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Where to start with The Grateful Dead?


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Yeah, and to "Workingman's Dead" I'd also add "Live Dead" and "American Beauty". In fact, get the box set "The Golden Road (1965 - 1973)".

Workingman's and American Beauty are their finest studio albums for sure. Live in Europe is my favorite live album.

 

Don't bother. :stunned
That point of view may also be true. The Dead (don't anyone stone me....so to speak), were not the world's greatest band music wise. Even Garcia admitted they werent' always on. But as a cultural institution they had few peers. I guess I find it strange that someone hasn't heard that much of the Dead. Generation gap I guess.

 

LouieB

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Ha, we could merge this one with the other GD thread we've got going on right now. (when is the last time we had multiple GD threads going on at VC?)

 

Not sure what to tell you about starting points...I've slowly gotten into the band over the course of 15 years or so and have only become really addicted in the last few years. You could start with the studio albums just to get a familiarity with the catalog (as noted, American Beauty and Workingman's Dead are probably the strongest studio efforts, although not wholly representative of the band's sound overall). As for live albums, Europe '72 is as good a place to start as any. (also you can check out the TONS of streaming live shows for free on archive.org)

 

So many places to begin...

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If you'd like to hear the band at the peak of their country/blues/roots influenced songwriting: American Beauty and Workingman's Dead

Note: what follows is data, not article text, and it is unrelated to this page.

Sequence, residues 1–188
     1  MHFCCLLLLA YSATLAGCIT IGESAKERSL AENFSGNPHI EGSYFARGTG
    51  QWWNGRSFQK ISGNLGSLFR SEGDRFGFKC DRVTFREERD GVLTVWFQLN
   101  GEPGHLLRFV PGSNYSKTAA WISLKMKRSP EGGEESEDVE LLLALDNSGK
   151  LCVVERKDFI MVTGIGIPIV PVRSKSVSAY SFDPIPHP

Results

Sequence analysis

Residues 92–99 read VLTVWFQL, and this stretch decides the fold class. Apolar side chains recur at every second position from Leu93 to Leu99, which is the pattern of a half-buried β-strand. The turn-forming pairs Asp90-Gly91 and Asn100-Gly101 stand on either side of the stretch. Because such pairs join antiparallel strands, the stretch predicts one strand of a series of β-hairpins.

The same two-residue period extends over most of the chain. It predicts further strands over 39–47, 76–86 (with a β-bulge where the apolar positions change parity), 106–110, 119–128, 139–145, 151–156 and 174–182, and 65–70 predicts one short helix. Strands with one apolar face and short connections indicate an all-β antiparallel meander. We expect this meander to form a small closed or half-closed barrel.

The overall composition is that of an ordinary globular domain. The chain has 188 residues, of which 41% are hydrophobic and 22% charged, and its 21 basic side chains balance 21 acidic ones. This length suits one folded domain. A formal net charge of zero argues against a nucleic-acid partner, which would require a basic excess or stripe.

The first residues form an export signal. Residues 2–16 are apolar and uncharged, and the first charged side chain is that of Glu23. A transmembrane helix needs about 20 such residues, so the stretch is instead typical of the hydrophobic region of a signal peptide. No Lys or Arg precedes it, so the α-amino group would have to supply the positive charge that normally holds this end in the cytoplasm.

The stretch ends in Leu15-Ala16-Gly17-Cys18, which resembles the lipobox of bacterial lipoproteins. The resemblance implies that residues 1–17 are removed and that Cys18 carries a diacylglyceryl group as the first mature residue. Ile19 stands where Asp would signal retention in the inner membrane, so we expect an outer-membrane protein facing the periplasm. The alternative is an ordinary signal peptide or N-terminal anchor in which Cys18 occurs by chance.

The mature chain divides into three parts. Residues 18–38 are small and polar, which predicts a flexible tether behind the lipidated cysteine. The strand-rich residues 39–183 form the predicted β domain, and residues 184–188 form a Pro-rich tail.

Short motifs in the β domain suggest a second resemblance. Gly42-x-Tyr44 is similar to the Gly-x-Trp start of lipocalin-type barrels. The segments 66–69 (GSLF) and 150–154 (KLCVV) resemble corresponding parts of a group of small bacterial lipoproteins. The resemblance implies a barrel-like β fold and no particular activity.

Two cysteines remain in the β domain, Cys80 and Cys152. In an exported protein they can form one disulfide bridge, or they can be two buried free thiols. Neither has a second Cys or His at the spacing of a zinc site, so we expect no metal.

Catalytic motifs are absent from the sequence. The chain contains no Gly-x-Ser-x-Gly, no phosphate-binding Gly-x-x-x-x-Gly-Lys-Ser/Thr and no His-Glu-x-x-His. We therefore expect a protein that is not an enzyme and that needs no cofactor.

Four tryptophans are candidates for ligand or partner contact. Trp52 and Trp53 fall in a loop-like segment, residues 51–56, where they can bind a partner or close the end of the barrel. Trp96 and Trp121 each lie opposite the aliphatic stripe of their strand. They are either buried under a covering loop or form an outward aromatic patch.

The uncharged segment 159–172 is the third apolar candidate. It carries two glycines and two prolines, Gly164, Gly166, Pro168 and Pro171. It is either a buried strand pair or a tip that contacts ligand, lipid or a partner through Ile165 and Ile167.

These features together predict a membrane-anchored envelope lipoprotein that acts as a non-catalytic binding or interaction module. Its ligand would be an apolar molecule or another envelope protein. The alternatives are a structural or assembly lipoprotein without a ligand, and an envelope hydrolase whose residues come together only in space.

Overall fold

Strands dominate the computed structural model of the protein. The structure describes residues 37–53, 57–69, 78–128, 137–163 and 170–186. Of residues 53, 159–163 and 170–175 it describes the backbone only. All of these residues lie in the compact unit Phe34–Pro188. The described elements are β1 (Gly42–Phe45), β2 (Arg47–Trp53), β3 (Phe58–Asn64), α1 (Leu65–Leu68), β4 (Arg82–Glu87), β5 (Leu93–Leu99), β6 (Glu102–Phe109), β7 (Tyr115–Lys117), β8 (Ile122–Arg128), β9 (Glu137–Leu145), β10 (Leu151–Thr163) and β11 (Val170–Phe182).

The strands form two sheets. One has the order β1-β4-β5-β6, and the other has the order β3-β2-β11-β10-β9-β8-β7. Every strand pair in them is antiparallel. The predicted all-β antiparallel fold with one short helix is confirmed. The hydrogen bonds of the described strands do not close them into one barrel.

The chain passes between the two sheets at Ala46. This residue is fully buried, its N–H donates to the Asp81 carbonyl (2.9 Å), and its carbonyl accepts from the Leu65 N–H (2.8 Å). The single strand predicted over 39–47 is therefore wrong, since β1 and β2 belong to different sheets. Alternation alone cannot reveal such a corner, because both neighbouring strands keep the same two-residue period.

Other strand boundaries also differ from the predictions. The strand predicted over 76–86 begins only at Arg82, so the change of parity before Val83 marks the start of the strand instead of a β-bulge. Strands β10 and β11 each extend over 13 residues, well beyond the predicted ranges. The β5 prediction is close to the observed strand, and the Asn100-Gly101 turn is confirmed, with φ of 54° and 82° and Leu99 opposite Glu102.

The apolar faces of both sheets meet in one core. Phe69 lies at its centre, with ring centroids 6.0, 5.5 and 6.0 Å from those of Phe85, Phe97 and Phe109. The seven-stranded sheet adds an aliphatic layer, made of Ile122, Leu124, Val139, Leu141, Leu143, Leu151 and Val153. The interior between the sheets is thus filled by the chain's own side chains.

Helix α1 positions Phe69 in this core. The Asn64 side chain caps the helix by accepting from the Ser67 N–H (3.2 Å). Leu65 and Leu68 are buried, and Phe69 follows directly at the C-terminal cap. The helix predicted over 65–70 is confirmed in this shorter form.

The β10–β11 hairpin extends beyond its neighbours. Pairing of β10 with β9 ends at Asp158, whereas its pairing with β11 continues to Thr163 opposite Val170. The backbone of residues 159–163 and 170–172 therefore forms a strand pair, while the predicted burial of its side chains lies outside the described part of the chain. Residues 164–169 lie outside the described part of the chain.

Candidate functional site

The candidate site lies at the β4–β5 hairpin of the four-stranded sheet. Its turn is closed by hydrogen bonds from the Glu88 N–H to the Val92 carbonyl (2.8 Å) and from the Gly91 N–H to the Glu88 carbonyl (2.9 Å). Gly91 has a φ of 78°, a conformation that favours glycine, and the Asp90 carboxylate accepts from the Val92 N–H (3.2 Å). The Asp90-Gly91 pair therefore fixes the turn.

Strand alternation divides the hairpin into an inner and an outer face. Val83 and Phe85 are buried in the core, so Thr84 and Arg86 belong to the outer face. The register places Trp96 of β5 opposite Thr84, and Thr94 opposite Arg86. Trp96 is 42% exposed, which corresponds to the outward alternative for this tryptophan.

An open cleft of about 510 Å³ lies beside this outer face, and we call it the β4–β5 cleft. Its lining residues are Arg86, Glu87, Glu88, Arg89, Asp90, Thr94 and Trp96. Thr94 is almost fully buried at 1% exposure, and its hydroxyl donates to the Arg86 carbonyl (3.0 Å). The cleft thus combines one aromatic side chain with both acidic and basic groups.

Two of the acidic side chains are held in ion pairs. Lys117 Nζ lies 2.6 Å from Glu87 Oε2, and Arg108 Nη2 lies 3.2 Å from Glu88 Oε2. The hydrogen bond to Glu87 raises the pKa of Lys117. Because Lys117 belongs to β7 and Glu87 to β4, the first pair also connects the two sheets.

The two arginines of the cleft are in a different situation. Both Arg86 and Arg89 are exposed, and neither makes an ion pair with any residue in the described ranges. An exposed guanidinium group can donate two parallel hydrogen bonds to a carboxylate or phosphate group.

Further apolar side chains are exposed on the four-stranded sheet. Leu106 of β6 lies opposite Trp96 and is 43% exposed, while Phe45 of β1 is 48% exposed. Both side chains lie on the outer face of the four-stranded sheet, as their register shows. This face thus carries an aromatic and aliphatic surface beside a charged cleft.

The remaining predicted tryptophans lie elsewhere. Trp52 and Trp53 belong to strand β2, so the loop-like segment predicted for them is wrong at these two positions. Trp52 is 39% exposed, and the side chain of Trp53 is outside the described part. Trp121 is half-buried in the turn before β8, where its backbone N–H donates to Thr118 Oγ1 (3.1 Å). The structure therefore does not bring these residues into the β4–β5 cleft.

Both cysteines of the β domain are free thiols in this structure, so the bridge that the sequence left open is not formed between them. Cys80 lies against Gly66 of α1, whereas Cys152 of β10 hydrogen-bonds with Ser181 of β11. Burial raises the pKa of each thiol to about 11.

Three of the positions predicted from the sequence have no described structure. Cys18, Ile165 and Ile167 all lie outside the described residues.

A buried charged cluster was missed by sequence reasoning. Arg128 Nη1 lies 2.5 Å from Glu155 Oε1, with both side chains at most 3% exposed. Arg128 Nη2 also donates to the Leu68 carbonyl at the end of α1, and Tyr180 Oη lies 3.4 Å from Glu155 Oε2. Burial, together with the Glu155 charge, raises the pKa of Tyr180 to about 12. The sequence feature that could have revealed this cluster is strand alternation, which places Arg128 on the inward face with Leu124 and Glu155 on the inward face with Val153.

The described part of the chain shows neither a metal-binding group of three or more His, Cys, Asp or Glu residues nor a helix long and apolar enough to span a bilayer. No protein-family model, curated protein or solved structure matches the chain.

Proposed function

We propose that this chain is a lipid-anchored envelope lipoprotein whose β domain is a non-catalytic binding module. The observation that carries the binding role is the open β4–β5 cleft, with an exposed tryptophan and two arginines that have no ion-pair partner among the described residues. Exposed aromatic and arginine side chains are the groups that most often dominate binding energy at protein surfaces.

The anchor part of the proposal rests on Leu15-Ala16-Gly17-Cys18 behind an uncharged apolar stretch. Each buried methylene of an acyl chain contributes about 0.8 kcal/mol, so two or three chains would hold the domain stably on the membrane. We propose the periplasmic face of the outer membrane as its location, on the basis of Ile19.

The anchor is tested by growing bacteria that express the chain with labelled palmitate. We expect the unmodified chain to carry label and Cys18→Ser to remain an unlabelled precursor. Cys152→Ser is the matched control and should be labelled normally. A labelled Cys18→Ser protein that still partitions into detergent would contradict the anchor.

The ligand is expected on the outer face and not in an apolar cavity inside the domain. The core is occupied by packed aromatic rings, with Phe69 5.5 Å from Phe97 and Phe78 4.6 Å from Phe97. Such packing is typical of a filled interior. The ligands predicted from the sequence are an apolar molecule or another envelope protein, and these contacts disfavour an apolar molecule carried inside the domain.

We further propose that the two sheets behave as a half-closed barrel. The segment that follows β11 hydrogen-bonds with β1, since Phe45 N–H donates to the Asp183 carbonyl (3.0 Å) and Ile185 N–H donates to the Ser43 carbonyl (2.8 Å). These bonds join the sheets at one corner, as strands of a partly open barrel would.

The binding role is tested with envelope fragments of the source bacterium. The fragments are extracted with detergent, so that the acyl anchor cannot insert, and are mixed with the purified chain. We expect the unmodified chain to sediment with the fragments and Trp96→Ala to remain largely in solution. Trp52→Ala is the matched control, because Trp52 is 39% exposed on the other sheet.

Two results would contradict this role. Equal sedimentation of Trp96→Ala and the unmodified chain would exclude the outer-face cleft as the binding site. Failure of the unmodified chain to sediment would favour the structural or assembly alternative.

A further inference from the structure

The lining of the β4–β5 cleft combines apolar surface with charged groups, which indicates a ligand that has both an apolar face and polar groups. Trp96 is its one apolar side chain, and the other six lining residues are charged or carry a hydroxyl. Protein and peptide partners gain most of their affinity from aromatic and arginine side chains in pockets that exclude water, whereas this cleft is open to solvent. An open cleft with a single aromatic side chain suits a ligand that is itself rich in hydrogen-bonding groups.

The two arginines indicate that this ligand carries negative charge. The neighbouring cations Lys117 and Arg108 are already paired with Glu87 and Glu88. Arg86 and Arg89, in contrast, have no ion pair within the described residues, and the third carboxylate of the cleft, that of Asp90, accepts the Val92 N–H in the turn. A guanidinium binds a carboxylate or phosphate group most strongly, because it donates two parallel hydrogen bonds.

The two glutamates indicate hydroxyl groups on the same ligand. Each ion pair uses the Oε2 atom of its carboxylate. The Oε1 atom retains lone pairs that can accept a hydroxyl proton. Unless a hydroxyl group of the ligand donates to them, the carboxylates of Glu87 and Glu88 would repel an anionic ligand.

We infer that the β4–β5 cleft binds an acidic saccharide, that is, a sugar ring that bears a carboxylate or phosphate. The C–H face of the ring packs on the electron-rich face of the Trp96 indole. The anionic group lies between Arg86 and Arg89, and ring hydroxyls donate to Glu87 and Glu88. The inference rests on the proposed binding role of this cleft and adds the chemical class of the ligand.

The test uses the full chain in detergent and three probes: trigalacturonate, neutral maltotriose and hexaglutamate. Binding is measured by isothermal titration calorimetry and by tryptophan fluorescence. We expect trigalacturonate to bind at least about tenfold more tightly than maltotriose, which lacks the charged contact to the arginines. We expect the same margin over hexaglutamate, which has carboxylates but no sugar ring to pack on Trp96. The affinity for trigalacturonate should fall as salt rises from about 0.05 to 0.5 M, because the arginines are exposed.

If you'd like to hear the band showing off their most intricate and musically complex work: Blues For Allah

If you'd like a pschedelic taste of what they were doing in the late 60's that inspired a lifetime of devotion from so many: Live Dead

 

The Dead are still the most misunderstood and unfairly dismissed band of all time. Forget their fans and whatever images you conjure up when hearing the word "Deadhead". Forget what you think they should sound like. Just listen to the music: the ups, the downs, the timeworn tales of misbegotten gamblers and shadowy outcasts, the hurtling blues squall of the early days, the majestic group dynamics of something like "Terrapin Station", and the ethereal, often inhuman strangeness found in the midsts of an epic "Dark Star" or "Playing In the Band". You won't like all of it, and not every jam is a revelation. There's an element of risk with the Dead that makes them addicting. It's completely unfair and wildly inaccurate to callously dismiss them as aimless hippie noodlers.

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i also love 'wake of the flood'. if just for missisippi half step.

Agreed. I also like Mars Hotel a lot, but probably only half of it. (ie, they nailed Ship of Fools, but Money Money is just horrid, imo)

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If you'd like to hear the band at the peak of their country/blues/roots influenced songwriting: American Beauty and Workingman's Dead

If you'd like to hear the band showing off their most intricate and musically complex work: Blues For Allah

If you'd like a pschedelic taste of what they were doing in the late 60's that inspired a lifetime of devotion from so many: Live Dead

 

The Dead are still the most misunderstood and unfairly dismissed band of all time. Forget their fans and whatever images you conjure up when hearing the word "Deadhead". Forget what you think they should sound like. Just listen to the music: the ups, the downs, the timeworn tales of misbegotten gamblers and shadowy outcasts, the hurtling blues squall of the early days, the majestic group dynamics of something like "Terrapin Station", and the ethereal, often inhuman strangeness found in the midsts of an epic "Dark Star" or "Playing In the Band". You won't like all of it, and not every jam is a revelation. There's an element of risk with the Dead that makes them addicting. It's completely unfair and wildly inaccurate to callously dismiss them as aimless hippie noodlers.

Very well put. :cheers